# Tag Info

### Proof that square of an $\sqrt{2 - 4q}$ is not an integer

Hint : If $n$ is some integer, then $n=0 \mod{4} \implies n^2=0 \mod{4}$ $n=1 \mod{4} \implies n^2=1 \mod{4}$ $n=2 \mod{4} \implies n^2=0 \mod{4}$ $n=3 \mod{4} \implies n^2=1 \mod{4}$
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Accepted

### Prove that if $3\mid a^2+b^2$ then $3\mid a$ and $3\mid b$.

The original question was to prove that $c\mid a^2+b^2$ implies $c\mid a$ and $c\mid b$, which as many answers show isn't true. But this is true if you take the assumption that there isn't a square ...
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### $xy$ is a quadratic residue mod $p$ iff $x$ is a quadratic residue mod $p$, where $y$ be a (nonzero) quadratic residue mod $p$

Suppose that $xy$ is a QR of $p$. Then $xy\equiv z^2\pmod{p}$ for some $z$. Since $y$ is a QR of $p$, we have $y\equiv w^2\pmod{p}$ for some $w$. Thus $xw^2\equiv z^2\pmod{p}$. Multiply both sides ...
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### Proof that square of an $\sqrt{2 - 4q}$ is not an integer

Apart from @Vincent's answer, here's another way of looking at it $$x=\sqrt{2-4q}$$ Clearly, $2-4q$ is divisible by $2$ but not by $4$ for any integer $q$. Thus, it cannot be a perfect square.
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### Is there any simple trick to solve the congruence $a^{24}\equiv6a+2\pmod{13}$?

"I am interested in Theorem statement, corollary, or Trick or Logic which solves this problem within one minute." Ok, so perhaps you are looking at Fermat's Little Theorem, where $n$ is prime, and $a$...
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• 17.8k
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### Do there exist Artificial Squares?

Suppose that $E = p^{2k+1} n$ where $(n,p) = 1$. Take $w = p^{2k+2}$. If $E$ is a quadratic residue modulo $p^{2k+2}$ then there exists $m$ such that $$p^{2k+2} \mid p^{2k+1} n - m^2.$$ In ...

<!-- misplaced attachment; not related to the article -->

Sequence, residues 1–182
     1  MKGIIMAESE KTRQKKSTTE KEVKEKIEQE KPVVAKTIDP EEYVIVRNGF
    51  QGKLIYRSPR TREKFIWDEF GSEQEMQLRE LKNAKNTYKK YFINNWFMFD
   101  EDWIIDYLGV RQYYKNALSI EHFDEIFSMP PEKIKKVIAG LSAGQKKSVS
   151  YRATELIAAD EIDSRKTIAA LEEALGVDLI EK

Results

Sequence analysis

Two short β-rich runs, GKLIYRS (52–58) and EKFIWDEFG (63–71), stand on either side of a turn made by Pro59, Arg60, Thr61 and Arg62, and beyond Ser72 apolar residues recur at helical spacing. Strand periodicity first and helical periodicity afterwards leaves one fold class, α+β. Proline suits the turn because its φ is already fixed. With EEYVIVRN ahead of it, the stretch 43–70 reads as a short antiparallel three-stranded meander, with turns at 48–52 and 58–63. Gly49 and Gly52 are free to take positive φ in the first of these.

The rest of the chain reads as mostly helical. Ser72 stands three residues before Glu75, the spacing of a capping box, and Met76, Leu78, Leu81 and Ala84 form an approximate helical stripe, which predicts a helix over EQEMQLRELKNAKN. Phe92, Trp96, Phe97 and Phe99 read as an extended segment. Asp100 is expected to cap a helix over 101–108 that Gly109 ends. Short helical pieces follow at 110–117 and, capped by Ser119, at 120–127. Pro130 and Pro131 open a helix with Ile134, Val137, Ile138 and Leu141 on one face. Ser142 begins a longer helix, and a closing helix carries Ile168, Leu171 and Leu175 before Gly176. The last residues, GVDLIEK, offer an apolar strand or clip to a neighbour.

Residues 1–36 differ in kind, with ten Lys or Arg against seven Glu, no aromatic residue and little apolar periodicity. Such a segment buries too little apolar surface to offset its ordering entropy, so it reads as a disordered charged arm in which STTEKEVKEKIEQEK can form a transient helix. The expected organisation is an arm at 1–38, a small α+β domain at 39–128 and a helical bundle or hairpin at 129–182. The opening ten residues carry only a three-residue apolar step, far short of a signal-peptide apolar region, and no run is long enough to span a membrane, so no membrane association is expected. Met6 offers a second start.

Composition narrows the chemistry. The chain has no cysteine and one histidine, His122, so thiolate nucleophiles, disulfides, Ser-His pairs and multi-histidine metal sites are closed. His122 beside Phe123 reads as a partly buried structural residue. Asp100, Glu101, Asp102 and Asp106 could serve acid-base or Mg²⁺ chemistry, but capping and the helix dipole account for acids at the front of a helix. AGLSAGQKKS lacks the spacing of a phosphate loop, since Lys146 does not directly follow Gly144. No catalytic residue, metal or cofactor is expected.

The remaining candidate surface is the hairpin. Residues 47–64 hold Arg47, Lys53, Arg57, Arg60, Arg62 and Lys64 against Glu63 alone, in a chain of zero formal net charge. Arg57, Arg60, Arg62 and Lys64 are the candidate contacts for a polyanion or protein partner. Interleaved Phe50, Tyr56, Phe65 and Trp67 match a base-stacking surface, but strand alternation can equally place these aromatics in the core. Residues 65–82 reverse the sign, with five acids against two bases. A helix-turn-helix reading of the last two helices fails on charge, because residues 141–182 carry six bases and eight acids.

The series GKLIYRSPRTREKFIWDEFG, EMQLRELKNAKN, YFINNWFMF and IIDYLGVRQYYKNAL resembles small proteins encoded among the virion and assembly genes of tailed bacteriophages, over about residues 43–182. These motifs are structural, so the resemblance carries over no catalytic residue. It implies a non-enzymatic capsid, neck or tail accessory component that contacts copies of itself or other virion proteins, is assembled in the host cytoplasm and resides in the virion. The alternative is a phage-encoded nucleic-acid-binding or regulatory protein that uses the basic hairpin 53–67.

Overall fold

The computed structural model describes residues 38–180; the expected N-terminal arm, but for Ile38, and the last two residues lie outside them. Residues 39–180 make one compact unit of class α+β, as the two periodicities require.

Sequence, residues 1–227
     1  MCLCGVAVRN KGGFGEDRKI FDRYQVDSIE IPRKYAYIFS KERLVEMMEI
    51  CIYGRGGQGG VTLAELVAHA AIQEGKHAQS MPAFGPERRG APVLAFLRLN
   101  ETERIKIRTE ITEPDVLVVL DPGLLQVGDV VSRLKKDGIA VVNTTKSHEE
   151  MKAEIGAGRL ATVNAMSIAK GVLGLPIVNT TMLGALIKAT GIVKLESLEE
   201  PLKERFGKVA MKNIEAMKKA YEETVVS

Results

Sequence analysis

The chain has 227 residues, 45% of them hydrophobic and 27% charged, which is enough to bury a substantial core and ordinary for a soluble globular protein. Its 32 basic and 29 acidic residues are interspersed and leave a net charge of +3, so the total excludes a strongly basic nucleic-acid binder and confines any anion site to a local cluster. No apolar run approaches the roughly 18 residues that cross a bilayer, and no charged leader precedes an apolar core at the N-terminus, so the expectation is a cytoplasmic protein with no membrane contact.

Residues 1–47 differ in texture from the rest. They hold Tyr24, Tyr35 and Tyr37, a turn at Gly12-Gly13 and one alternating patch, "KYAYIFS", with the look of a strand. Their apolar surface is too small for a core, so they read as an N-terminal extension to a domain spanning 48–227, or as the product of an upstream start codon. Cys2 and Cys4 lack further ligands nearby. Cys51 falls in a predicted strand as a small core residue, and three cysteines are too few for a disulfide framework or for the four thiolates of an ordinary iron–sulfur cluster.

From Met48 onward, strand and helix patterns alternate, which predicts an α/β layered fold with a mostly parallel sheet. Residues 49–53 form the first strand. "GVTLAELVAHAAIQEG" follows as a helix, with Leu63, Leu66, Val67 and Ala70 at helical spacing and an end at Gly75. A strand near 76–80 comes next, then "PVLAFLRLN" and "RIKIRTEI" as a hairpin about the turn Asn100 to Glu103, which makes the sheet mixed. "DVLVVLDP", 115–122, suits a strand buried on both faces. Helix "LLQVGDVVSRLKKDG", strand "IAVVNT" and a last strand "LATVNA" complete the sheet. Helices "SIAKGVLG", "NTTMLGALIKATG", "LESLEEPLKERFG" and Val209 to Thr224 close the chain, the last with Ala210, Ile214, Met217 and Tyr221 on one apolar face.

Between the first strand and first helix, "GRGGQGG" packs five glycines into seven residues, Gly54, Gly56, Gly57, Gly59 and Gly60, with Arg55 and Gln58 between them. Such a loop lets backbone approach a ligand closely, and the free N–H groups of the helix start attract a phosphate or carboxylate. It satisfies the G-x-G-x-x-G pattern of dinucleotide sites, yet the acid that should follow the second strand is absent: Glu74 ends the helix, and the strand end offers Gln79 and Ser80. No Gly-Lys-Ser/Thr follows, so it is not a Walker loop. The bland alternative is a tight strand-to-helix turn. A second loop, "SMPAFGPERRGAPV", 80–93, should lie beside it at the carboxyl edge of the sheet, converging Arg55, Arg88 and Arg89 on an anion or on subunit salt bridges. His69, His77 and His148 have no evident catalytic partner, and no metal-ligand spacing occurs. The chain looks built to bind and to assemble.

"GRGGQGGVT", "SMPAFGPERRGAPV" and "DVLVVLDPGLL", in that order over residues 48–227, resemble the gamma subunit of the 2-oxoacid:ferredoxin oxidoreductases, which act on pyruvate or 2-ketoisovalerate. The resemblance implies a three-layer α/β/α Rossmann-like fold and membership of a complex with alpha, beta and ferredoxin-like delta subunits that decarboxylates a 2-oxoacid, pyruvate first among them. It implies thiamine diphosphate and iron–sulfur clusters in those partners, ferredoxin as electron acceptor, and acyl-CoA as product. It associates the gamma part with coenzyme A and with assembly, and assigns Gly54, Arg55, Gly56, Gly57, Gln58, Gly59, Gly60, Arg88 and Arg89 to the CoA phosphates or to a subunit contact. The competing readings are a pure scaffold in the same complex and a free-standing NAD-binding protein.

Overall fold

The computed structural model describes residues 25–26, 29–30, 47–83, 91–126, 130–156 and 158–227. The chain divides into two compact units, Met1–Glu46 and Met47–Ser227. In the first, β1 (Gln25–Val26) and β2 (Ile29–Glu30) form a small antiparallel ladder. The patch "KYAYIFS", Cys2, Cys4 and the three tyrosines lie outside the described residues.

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### Is there any simple trick to solve the congruence $a^{24}\equiv6a+2\pmod{13}$?

By Fermat's little theorem, $a^{24} = (a^{12})^2 \equiv 1^2 = 1 \pmod{13}$ (assuming $13\nmid a$, which is the case here).Thus you're really trying to solve $1\equiv6a+2\pmod{13}$, which is much ...
• 64.3k
Accepted

### Proof that square of an $\sqrt{2 - 4q}$ is not an integer

This answer builds completely on GoodDeed's excellent answer, but I think going into further detail is useful. Consider that $$x=\sqrt{2-4q} = \sqrt{2 (1 - 2q)} = \sqrt 2 \sqrt{1 - 2q}$$ $1 - 2 q$ ...
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### Prove that if $3\mid a^2+b^2$ then $3\mid a$ and $3\mid b$.

This is not true. Take, for example, $a=3$, $b=4$ and $c=5$.
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Accepted

### For a prime $p\ge 17$ is $\dfrac{p^2-1}{24}$ ever a prime?

When $p-1>24$, then $24$ can't cancel any of the factors $p-1$ and $p+1$ properly, so the number $\frac{p^2-1}{24}$ is always composite for $p-1>24$, other cases can be calculate manually...
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### If $3|(a^2 + b^2)$, show that $3|a$ and $3|b$.
The key point is that if $3$ does not divide $x$, then $x^2$ leaves remainder $1$, because $x$ is of the form $3k\pm1$. Therefore: If $3$ divides $a$ but not $b$ (or vice-versa), then $a^2+b^2$ ...